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Saddle / Tack Caddy #3: Some lessons learned, 4/9/2011

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Blog entry by RandyMorter posted 1237 days ago 1354 reads 0 times favorited 0 comments Add to Favorites Watch
« Part 2: Prototype of the Tote Box Part 3 of Saddle / Tack Caddy series Part 4: Drawers & Drawer Case »

I was able to spend a good amount of time working on this project on 4/9/2011. I’d even got off work early the afternoon before and hoped to make some progress but ended up breaking a router bit so had to change my plans.

I’ve never broken a router bit before and it was strange. I probably lucked out. I was trying out a cut, just to get the measurements. I was cutting in pine with a 1/2” shank 1/4” straight cut, 2 flute, MLCS Carbide tipped bit. I don’t know why but I got some kick back about a 1/2” into the cut. I restarted the cut and after about 2” the sound changed. I pulled the piece off and there was no cutter! I shut the router off and eventually found the bit laying on the floor by my feet.

I decided to stop for the night…

On Saturday, 4/9/2011 I got started about 8AM, working on more of the unit.

I had thought that I’d use french dovetail joints for the box parts that mount to the frame. I ended up cutting all of the 6 box ends and 6 box sides. I cut the male dovetail sections of all of the ends. Then I started the female cuts on the bottom sides, using a test piece to get the position set. After getting the test cut done I was doing a test fit and all of the end grain just split off.

I realized then that the end grain of the side pieces wasn’t going to be sufficient. There’s going to be quite a bit of strain on those joints. I decided I’d probably be better off just using box joints for all of the box sections so switched back to that mode.

That meant all of the box ends I’d already cut were wasted – they were too short to use for much. I’m glad I was using pine and glad I was doing the prototype! It is a bit of money (I think we spent about $60 for the wood) to do a prototype but if I’d made these mistakes on more expensive material it would probably have cost the same or more anyway.

Of course, I’d thought I was done making the box joints and had removed the jig from the table saw. I still had the dado blade installed – I was using it to remove the tops of the dovetail on the end pieces. Someone commented on my review of the Woodhaven 4555 Box Joint Jig that it might not be easy to get the set up done when you remove and replace the jig, so this was going to be a test.

It was actually painless! The key is I didn’t move the sub fence on the jig. The jig ended up fitting back into the same place it was on the miter. I adjusted the dado blade height and did a test corner (both pieces) and it was as if the jig had never been removed! Cool!

Another first for me was that I also had to cut the dovetail female slots with the router some how. I hadn’t used a miter on the router table yet, and that was the only way I could see to do it (without doing it hand held).

I haven’t used a miter in the Bosch table because the miter/T-slot has play with my little Grizzly miter (I didn’t try the Craftsman miter – it just seemed too long.

I put 5 layers of masking tape around both ends of the miter bar to tighten it up in the slot.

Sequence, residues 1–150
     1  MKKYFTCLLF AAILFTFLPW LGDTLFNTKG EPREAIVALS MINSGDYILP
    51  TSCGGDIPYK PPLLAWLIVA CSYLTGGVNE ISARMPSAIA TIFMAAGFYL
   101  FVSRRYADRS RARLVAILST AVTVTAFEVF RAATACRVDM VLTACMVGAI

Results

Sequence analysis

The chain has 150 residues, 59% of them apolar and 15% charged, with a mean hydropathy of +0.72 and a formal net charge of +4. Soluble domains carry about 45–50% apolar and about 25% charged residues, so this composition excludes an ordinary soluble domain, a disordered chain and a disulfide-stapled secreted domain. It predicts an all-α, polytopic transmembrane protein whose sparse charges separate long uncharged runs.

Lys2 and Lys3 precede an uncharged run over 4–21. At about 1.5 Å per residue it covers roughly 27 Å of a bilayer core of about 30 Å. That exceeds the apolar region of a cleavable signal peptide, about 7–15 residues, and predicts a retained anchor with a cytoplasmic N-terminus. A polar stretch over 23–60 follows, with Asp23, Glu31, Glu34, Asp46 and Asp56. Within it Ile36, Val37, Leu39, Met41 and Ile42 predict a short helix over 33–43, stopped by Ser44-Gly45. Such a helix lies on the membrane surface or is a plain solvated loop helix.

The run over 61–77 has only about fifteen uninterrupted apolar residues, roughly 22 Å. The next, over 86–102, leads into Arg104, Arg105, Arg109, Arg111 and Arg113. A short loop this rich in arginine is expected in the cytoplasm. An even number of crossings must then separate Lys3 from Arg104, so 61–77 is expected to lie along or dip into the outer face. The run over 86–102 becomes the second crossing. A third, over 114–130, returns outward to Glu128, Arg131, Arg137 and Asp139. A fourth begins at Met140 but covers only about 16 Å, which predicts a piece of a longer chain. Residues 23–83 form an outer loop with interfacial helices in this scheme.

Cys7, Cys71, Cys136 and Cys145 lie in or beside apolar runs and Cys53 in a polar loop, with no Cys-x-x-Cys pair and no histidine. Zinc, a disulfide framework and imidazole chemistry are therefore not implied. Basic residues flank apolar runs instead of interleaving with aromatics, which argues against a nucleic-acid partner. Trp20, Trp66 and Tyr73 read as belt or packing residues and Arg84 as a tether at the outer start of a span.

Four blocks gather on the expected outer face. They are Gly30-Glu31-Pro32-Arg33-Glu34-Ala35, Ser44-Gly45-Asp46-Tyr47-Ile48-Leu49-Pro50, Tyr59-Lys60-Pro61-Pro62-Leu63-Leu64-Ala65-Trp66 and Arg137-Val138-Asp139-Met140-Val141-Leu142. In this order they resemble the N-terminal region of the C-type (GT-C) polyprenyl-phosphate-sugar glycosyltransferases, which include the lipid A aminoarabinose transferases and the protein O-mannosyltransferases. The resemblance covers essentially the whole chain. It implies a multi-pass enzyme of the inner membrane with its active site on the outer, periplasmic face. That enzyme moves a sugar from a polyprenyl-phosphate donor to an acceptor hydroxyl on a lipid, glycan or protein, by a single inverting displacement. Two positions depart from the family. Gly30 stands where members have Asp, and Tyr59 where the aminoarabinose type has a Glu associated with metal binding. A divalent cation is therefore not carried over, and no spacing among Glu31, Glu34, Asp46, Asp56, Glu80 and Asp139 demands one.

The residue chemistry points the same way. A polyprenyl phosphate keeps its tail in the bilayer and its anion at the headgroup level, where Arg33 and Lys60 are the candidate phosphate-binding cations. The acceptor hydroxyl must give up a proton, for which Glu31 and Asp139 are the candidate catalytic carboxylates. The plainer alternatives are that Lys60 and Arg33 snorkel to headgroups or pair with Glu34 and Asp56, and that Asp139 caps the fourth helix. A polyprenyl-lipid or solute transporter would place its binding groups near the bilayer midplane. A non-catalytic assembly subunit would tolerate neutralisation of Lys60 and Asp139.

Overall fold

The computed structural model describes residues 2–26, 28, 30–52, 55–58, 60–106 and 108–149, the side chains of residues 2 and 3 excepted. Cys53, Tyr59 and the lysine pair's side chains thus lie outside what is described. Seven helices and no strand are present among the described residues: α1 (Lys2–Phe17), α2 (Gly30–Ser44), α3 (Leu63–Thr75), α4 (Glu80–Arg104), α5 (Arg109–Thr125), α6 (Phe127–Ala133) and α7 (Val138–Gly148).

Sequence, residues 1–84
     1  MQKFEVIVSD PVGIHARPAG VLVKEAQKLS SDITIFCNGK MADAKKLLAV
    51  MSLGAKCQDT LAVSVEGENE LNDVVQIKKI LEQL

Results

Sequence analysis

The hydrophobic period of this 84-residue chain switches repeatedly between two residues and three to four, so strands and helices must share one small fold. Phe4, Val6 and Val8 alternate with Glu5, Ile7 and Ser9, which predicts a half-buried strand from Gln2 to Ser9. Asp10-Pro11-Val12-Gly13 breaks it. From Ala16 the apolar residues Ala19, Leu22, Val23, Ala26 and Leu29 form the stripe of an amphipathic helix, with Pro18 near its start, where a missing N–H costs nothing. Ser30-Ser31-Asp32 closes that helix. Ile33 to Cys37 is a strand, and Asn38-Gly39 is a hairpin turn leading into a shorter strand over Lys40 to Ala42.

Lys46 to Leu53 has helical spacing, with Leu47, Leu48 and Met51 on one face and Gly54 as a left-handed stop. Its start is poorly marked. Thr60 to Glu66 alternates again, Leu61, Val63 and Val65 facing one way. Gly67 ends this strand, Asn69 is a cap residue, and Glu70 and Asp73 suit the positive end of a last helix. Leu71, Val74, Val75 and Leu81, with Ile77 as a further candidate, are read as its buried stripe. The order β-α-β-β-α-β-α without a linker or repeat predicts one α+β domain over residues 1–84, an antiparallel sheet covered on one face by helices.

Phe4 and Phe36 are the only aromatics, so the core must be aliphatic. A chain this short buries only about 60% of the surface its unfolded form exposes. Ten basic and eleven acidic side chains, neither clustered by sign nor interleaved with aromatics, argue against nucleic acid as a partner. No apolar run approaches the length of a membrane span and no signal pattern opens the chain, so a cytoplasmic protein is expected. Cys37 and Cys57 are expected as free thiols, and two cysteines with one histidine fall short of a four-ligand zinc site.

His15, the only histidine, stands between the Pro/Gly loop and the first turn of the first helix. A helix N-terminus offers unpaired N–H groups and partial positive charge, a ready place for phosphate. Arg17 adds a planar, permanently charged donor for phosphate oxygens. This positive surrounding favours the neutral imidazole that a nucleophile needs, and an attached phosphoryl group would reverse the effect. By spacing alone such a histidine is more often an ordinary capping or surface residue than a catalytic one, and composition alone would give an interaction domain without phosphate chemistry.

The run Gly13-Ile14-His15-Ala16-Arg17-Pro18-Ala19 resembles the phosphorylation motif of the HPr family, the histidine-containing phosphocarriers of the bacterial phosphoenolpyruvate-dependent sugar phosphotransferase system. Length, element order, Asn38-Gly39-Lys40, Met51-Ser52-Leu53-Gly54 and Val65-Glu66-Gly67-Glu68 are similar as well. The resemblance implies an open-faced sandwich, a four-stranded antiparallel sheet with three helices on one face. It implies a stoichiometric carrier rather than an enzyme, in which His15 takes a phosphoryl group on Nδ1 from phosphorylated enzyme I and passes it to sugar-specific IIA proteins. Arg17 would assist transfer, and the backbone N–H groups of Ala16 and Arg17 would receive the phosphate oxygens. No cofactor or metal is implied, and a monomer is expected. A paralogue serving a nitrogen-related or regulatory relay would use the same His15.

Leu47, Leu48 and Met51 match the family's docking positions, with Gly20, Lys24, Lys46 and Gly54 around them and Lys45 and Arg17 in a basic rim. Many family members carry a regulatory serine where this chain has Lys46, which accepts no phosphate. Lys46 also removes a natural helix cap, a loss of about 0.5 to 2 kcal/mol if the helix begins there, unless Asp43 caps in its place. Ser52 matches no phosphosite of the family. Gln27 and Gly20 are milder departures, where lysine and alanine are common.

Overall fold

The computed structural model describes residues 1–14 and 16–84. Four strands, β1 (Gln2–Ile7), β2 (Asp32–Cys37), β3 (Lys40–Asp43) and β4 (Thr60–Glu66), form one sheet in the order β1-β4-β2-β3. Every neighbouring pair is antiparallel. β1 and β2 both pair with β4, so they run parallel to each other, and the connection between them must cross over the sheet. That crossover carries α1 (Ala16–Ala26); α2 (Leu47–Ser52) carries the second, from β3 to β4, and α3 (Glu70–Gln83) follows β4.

I tried making some sort of stop to set the location of the cut from the end of the piece but had a number of issues. First, the table is fairly small so the fence won’t work for more than about a 1-1/2” stop behind the bit. I had to remove the fence. But, the back of the table doesn’t have enough lip to clamp to very well. I tried using a piece that I could get multiple clamps on but the piece still moved. I put some adhesive sand paper on the bottom of the piece to hopefully eliminate the movement but it wasn’t enough. I now know why I was told it’s an okay table for some stuff but as your projects get bigger you’ll want a bigger table!

Then I realized that I could just use the markings on the insert. It has measurements marked, supposedly from the center of the bit and parallel to the miter. I marked the centerline of my cut on the workpiece, lined it up with the zero on the insert, and made the cut. It turned out great!.

The only other issue was stopping the cut at the proper place. I was able to just stop the cut when I saw the opening of the plastic insert appear.

Finally, I’d bought a new Freud LU88 60 tooth ATB Thin Kerf Crosscut blade (from Eagle America through Amazon, $49.73, free shipping) and hadn’t tried it out yet. Once I was done with all the box cuts I installed the new blade to rip the slats for the caddy section. I had some prying to do to get the dado blade off – it was really tight on the arbor. I’d only been able to seat it by tightening the arbor bolt to force the blade up against the inside flange.

I got the new blade on and ripped the slats. It is almost a glue ready cut! I love it! I’d read of others using it for some ripping and I had great results too – although I was only ripping 3/4 pine so it’s not really that much of a stress test. But, I enjoyed having a brand new blade.

Here’s a pic of the results from the day:

It was a productive day and a lot of good lessons learned. Be careful of flying router bits. The box joint jig is easy to install multiple times if you’re not changing the cut width. The Freud blade is great. The miter isn’t too hard to use on the little router table. Oh – my wife picked up a replacement Freud router bit from Woodcraft for me (and I had her get a couple of Borla 6” quick grip clamps as well – they were on sale for $7.99 each!).

-- Randy Morter, Phoenix, AZ



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